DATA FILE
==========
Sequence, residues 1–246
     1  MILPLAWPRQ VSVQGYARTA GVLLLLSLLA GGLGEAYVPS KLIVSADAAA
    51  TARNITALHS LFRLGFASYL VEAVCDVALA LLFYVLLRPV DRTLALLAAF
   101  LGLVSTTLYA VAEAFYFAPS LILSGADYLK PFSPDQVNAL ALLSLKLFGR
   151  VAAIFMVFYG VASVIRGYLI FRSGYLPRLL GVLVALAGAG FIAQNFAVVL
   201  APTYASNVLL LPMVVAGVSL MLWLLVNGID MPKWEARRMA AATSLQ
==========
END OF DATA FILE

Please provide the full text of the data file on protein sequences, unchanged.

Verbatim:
Sequence, residues 1–246
     1  MILPLAWPRQ VSVQGYARTA GVLLLLSLLA GGLGEAYVPS KLIVSADAAA
    51  TARNITALHS LFRLGFASYL VEAVCDVALA LLFYVLLRPV DRTLALLAAF
   101  LGLVSTTLYA VAEAFYFAPS LILSGADYLK PFSPDQVNAL ALLSLKLFGR
   151  VAAIFMVFYG VASVIRGYLI FRSGYLPRLL GVLVALAGAG FIAQNFAVVL
   201  APTYASNVLL LPMVVAGVSL MLWLLVNGID MPKWEARRMA AATSLQ